Friday, January 15, 2010

Manny Pacquiao-The Naturally Bigger Man: What's All the Fuss About?

Call me a boxing Philistine after this if you want.

To be fair, you might not be too far off the mark. But there’s been something bugging me for a while now, so I thought I might as well burn someone else’s ears with it.

Enter, the Bleacher Report boxing community.

Over the past year in particular, because of the dominance of a certain Filipino whirlwind, the issue of size and weight in boxing has been much talked about. In Manny Pacquiao’s last three bouts, he has fought fighters that were all ‘"naturally" bigger men.

This fact was stressed by internet bloggers and expert commentators alike, and was put forward as the main reason why the “Pacman” would not be victorious in the fights.

Certainly, in his fight against Oscar De La Hoya it was assumed by many that the Mexican would be too big and strong for him. Because he was "naturally" bigger. But we all know what happened then, and subsequently against Hatton and Cotto.

So that begs the question, for me, at least, whether a "natural" weight advantage is over-emphasized, and whether more focus should be placed on boxing skills.

During Manny’s fight against Ricky Hatton, one of the Sky Sports commentators spoke of how Ricky Hatton was the naturally bigger man. Now, of this there is no doubt.

The Englishman explodes between fights, putting on three or four stone of weight. So yes, if the two men met on the street (although given that it’s Hatton it may more likely be in a bar) in-between fights, Ricky would be the naturally bigger guy.

But come fight-time, that size advantage has been diminished. Hatton is no longer at his natural weight. It may be his ordinary fighting weight, but it would seem anything but natural.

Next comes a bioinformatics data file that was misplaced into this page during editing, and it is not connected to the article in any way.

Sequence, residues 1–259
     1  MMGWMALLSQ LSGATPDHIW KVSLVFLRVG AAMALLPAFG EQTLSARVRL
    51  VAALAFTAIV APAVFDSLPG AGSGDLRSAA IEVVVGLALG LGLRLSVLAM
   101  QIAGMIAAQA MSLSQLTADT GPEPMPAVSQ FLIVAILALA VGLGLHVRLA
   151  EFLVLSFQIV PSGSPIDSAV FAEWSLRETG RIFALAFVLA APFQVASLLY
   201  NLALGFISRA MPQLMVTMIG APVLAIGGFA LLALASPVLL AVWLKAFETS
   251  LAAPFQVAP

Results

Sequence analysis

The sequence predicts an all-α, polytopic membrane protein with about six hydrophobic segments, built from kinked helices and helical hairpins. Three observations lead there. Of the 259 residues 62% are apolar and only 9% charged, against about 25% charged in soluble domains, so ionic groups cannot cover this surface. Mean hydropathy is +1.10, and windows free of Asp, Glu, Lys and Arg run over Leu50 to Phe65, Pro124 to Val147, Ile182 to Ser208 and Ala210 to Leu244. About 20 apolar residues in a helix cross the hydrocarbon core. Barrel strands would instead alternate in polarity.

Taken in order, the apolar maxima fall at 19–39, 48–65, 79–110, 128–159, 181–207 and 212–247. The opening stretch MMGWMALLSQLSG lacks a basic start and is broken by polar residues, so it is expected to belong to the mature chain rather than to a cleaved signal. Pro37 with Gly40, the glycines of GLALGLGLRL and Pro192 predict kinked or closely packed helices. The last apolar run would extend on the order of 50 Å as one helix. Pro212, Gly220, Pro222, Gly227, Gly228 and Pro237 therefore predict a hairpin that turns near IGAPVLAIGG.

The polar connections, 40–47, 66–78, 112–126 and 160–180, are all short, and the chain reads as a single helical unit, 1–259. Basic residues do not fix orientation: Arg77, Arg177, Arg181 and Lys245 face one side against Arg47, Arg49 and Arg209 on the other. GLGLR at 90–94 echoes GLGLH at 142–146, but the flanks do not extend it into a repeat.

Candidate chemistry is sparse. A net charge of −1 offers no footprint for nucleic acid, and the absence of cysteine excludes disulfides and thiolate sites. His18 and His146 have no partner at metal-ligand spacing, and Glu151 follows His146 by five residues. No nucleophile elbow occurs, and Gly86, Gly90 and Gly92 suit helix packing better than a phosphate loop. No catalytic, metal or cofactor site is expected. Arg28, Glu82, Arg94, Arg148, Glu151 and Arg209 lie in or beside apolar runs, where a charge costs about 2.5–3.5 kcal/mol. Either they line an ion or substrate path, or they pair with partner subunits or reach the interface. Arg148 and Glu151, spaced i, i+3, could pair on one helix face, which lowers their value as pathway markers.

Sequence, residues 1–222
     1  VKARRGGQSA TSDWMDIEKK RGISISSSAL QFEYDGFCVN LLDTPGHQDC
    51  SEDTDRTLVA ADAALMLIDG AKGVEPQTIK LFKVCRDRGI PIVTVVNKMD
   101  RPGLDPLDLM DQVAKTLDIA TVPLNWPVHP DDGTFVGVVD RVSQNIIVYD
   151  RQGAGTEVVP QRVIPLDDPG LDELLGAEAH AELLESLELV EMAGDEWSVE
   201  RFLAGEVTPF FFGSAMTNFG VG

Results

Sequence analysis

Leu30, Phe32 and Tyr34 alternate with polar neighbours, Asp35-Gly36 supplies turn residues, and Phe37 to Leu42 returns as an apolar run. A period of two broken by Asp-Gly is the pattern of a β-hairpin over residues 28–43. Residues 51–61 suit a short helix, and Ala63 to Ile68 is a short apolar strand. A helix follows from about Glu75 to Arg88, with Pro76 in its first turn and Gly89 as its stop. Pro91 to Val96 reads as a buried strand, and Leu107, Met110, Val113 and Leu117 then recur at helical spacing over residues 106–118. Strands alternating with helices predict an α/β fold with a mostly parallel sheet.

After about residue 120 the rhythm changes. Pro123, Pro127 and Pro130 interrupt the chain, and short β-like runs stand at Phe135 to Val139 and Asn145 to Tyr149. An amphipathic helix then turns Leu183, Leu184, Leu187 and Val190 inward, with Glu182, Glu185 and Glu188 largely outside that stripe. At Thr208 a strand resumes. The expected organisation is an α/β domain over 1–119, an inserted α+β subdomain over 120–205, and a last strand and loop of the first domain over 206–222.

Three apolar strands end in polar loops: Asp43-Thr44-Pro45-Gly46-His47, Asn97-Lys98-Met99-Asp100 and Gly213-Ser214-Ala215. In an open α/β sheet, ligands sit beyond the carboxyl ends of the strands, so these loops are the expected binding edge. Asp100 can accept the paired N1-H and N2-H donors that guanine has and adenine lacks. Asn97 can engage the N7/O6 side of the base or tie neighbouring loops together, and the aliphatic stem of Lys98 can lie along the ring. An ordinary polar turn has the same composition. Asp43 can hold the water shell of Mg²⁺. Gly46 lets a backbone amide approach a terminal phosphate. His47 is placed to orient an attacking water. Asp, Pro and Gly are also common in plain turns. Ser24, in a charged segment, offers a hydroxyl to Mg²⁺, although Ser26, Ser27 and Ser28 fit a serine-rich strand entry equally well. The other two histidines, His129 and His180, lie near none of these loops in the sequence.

The same can be said about Miguel Cotto, though, not to the same extreme. The Puerto Rican’s effort to make the 145-pound weight limit could well have taken a toll on his body. At the weigh-in, he only had a one-pound advantage over Manny.

However, in my opinion, Pacquiao looked the stronger of the two, with his chest and shoulders looking more defined. Granted, on the night of the fight Cotto probably weighed closer to 160 pounds, but I think this weight advantage is over-estimated by a lot of people.

When it comes down to it, six or seven pounds, is really a rather negligible amount. In terms of boxing it is regarded as a weight class, but in reality it is not substantial. Of course, out of this comes the debate of the weight divisions in boxing. I’m guessing the main reason for so many is that it creates more revenue for boxing authorities, but I would doubt whether there really is a marked difference between 140 pounds and 147 pounds.

I don’t think weight necessarily corresponds with power, either. Although I am no expert on the fight game, I think a lot of it comes from the lower body, core, and shoulders, and not specifically from weight alone. I’m sure technique and speed also play an important part.

And I think Pacquiao was stronger than all of his last three opponents, despite conceding the relatively slight weight advantage. Couple that with the fact that he is a better boxer than those three opponents, and it is easy to see why he won.

Indeed, a quick look through the comments about the Clottey/Pacquiao fight indicates to me that the size issue is, and will be, stressed again. But once again, I feel this argument is without any great merit. Clottey may be naturally bigger, but I definitely don’t think this corresponds to a proportionate power advantage. Because of this, I just don’t see how an argument can be put forward in favour of the African for this fight.

Manny Pacquiao will be naturally smaller than the majority of welterweights, but he is also a better boxer than the majority, as well. I think this far "outweighs" the importance of a slight size deficit.

Though he may give away a 10-pound weight advantage, I know exactly who my money would be on.

Except against Floyd. Naturally.


Hey, I had to try and create even the smallest bit of controversy in this article.


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